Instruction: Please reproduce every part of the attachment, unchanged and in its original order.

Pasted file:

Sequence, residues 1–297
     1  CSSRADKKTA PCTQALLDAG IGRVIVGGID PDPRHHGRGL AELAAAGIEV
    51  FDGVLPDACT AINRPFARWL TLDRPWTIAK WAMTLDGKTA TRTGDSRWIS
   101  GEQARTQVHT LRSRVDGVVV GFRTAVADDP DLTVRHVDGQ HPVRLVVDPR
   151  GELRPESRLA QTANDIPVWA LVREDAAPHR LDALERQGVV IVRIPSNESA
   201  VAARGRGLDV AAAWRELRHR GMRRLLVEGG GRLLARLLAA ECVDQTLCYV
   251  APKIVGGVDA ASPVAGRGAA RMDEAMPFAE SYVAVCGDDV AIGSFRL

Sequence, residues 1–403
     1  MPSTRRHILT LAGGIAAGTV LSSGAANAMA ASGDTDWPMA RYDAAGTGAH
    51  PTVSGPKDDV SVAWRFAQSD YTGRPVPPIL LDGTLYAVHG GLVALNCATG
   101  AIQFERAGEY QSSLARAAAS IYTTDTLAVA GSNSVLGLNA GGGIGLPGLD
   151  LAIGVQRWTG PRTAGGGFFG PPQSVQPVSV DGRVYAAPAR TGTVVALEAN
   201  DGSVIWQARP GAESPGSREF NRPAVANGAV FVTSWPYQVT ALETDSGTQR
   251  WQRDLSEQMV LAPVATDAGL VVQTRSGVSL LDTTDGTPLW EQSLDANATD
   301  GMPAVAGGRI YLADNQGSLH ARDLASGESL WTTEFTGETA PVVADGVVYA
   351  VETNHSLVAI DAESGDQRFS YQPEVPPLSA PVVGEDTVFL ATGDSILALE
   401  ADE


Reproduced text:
Sequence, residues 1–297
     1  CSSRADKKTA PCTQALLDAG IGRVIVGGID PDPRHHGRGL AELAAAGIEV
    51  FDGVLPDACT AINRPFARWL TLDRPWTIAK WAMTLDGKTA TRTGDSRWIS
   101  GEQARTQVHT LRSRVDGVVV GFRTAVADDP DLTVRHVDGQ HPVRLVVDPR
   151  GELRPESRLA QTANDIPVWA LVREDAAPHR LDALERQGVV IVRIPSNESA
   201  VAARGRGLDV AAAWRELRHR GMRRLLVEGG GRLLARLLAA ECVDQTLCYV
   251  APKIVGGVDA ASPVAGRGAA RMDEAMPFAE SYVAVCGDDV AIGSFRL

Sequence, residues 1–403
     1  MPSTRRHILT LAGGIAAGTV LSSGAANAMA ASGDTDWPMA RYDAAGTGAH
    51  PTVSGPKDDV SVAWRFAQSD YTGRPVPPIL LDGTLYAVHG GLVALNCATG
   101  AIQFERAGEY QSSLARAAAS IYTTDTLAVA GSNSVLGLNA GGGIGLPGLD
   151  LAIGVQRWTG PRTAGGGFFG PPQSVQPVSV DGRVYAAPAR TGTVVALEAN
   201  DGSVIWQARP GAESPGSREF NRPAVANGAV FVTSWPYQVT ALETDSGTQR
   251  WQRDLSEQMV LAPVATDAGL VVQTRSGVSL LDTTDGTPLW EQSLDANATD
   301  GMPAVAGGRI YLADNQGSLH ARDLASGESL WTTEFTGETA PVVADGVVYA
   351  VETNHSLVAI DAESGDQRFS YQPEVPPLSA PVVGEDTVFL ATGDSILALE
   401  ADE